A History: the Progestin Implant


Nexplanon/Implanon is a type of birth control that lasts three years and is over 99% effective at preventing pregnancy. A health care professional inserts the implant in your arm, and it is thin plastic rod that releases progestin. Over the 30 years since the implant was introduced, it has gone through many phases and several versions have existed. It all started in 1966 when scientists at the Population Council began investigating the use of silicone rubber capsules as a way to continuously release steroid hormones. They found that this was possible, with effects from the hormones lasting a year or longer in animal models. This research advanced quickly, and by 1974 there were several studies being conducted that compared the effects of different synthetic hormones being delivered through six contraceptive rods. In 1975, a randomized control trial taking place in six countries determined that the implants containing levonorgestrel were the best option in terms of safety and efficacy. In 1983, the Finnish pharmaceutical company Leiras Oy was licensed to produce the six-rod contraceptive system, known as Norplant, and by 1984 the The World Health Organization (WHO) evaluated and recommended the system worldwide to regulate fertility. Soon after its approval in Finland, it became available in several other countries throughout the world, and was finally approved by the FDA in 1990. Since 1984, the Population Council estimates that 10.5 million sets of Norplant have been distributed across the globe in the more than 60 countries it has been approved in.

Partly because of issues with the six-rod Norplant, a newer 2-rod system called Jadelle/Norplant II was approved by the FDA, but this product was never marketed in the US. While Norplant and Jadelle are still available outside the US, neither are available here. Norplant was eventually removed from the US market in 2002 because of issues with insertion, removal and inexperience of some health care providers in administering the implants. In 1998 Implanon was introduced, a single-rod implant containing the hormone etonogestrel, which differed from the previous usage of levonorgestrel. Implanon suffered from fewer problems than its predecessors, but women and health care providers were still reporting issues during the insertion or removal process. For example, women were still getting pregnant after they had undergone the insertion procedure. Studies found that about 50% of the unplanned pregnancies that occurred during use of Implanon were because the implant had never been inserted or was expelled after insertion. There have also been reports of “deep insertions” that made it difficult to feel if the rod was implanted. When the rod is not palpable under the skin, women have to undergo X-rays to try to locate the implant. Nexplanon was introduced as the most recent iteration of the subdermal implant and it will hopefully address these problems. It has a new pre-loaded insertion device and the rod now contains 15 mg of barium sulphate to allow for detection by X-ray.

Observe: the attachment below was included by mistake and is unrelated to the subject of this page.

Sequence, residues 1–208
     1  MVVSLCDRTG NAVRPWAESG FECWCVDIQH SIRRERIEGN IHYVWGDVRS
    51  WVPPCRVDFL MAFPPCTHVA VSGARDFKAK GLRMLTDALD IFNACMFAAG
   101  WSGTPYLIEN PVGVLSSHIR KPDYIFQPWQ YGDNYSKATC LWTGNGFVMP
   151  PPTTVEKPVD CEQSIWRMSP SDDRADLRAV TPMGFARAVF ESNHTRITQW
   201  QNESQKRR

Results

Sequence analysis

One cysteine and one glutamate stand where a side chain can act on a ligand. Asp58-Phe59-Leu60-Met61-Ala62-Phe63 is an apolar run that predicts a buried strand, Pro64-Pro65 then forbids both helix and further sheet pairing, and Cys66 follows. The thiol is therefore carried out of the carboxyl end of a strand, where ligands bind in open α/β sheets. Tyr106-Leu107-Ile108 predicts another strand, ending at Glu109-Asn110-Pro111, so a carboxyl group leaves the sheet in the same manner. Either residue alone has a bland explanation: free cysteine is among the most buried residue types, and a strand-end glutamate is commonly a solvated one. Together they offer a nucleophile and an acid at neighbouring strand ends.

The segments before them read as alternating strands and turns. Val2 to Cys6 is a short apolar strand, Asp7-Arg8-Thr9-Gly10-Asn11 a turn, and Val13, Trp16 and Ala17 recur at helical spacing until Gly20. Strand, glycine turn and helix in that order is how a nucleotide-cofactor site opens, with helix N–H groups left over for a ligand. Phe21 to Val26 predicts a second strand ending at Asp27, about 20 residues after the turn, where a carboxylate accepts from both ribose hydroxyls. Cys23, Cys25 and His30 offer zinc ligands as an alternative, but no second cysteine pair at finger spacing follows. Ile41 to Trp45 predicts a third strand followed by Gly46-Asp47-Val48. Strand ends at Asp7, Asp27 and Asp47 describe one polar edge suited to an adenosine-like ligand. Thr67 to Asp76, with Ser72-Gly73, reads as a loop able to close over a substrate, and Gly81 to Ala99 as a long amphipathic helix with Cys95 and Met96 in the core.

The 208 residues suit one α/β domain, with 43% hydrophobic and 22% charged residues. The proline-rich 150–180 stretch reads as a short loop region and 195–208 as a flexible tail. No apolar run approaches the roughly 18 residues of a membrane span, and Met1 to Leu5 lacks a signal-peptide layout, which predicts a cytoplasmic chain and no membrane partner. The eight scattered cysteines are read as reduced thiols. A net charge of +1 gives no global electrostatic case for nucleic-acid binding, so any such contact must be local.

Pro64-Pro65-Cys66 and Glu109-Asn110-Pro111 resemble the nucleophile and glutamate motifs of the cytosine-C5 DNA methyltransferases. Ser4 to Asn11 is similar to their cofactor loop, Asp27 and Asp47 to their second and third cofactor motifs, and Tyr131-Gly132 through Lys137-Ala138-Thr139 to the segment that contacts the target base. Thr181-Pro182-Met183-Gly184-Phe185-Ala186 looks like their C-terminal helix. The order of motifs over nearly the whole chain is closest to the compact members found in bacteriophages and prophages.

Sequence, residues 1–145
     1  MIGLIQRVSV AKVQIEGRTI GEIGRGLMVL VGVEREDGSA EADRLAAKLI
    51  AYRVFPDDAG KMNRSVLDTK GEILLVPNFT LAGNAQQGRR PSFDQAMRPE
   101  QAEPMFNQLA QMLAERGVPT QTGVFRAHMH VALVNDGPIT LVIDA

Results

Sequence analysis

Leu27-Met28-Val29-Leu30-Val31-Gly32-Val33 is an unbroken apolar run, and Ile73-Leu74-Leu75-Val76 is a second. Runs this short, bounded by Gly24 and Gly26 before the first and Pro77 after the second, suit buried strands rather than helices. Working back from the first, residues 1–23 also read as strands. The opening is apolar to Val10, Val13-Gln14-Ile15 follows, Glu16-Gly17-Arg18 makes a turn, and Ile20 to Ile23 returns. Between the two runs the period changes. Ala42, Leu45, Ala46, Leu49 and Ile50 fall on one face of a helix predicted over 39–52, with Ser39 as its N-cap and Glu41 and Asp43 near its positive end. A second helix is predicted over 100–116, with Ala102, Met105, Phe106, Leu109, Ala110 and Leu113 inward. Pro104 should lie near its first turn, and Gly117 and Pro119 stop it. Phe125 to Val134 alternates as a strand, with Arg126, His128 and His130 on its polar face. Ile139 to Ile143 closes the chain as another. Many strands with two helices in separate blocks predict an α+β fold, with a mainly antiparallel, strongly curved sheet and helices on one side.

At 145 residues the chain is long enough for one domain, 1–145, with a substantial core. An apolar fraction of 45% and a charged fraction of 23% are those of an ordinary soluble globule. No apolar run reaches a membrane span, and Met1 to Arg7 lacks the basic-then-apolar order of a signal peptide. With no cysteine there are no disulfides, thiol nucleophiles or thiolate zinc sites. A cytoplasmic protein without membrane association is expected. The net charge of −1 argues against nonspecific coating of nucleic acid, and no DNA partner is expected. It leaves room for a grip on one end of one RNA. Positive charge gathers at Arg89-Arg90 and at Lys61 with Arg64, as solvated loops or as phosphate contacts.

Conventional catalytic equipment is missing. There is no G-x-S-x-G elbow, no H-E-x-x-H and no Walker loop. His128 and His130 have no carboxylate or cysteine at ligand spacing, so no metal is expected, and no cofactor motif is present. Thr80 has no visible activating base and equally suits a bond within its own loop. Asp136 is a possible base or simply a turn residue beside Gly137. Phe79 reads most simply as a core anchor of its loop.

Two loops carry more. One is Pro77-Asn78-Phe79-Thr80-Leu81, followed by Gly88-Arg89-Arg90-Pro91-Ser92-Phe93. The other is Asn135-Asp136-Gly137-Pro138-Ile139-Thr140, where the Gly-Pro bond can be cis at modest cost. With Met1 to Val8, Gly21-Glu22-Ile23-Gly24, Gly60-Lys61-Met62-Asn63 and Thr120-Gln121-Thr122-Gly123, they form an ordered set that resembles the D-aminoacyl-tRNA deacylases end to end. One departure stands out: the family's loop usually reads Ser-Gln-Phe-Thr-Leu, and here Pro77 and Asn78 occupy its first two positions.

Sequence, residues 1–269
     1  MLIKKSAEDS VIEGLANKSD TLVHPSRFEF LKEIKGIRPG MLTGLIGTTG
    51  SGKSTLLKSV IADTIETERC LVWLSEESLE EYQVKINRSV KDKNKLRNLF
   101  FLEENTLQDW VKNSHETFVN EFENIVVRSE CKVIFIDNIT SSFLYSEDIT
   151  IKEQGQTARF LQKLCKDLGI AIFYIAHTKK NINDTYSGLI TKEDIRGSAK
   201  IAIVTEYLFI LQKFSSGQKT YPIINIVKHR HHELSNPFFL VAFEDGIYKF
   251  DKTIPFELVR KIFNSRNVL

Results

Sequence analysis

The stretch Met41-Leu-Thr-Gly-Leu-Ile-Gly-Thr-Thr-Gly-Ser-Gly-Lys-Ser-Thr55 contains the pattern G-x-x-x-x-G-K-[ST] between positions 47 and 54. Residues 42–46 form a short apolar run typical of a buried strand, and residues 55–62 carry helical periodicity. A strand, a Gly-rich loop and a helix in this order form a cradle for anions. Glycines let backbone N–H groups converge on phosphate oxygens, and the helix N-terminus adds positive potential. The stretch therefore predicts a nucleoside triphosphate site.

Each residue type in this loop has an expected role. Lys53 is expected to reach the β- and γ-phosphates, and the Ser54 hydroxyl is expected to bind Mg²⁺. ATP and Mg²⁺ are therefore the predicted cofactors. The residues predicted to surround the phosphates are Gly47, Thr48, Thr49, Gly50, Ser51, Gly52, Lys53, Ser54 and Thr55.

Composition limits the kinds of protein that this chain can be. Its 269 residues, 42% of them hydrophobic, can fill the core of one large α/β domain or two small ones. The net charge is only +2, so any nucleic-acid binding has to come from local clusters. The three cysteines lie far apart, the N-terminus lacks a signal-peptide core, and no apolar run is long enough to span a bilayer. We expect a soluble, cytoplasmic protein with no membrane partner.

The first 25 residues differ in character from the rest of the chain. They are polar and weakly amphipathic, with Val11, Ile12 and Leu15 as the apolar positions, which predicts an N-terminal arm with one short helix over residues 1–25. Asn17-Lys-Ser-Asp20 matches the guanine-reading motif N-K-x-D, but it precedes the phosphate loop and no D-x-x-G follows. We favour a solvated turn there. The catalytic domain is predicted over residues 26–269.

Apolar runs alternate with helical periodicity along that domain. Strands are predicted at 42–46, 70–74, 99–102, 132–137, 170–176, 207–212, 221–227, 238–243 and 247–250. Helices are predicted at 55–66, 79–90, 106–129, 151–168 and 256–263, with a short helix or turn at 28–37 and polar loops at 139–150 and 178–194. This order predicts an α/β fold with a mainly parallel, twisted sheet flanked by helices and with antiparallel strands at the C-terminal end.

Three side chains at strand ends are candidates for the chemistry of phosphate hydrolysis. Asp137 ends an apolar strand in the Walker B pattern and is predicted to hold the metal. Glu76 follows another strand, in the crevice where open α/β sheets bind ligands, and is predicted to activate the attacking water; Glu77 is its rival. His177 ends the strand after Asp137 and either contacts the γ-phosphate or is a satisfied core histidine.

Although progestin implants have allowed women to control their reproductive lives, there is also a darker side to the history of these devices. Contraceptive devices such as implants have historical roots in population control and eugenics, and have the potential to be used as a tool of oppression. An editorial from the Philadelphia Inquirer suggested that Norplant could be used as a way to reduce the birth rate of black women, thereby decreasing the number of black children living in poverty. This sparked a debate about the potential to coerce women into using the device through public assistance incentives. Several states also introduced legislation incentivizing the use of Norplant and even forcing women who had committed crimes to get the implant. Women who claimed that they were not adequately informed about the side effects of Norplant before getting the implant also sued the makers of Norplant.


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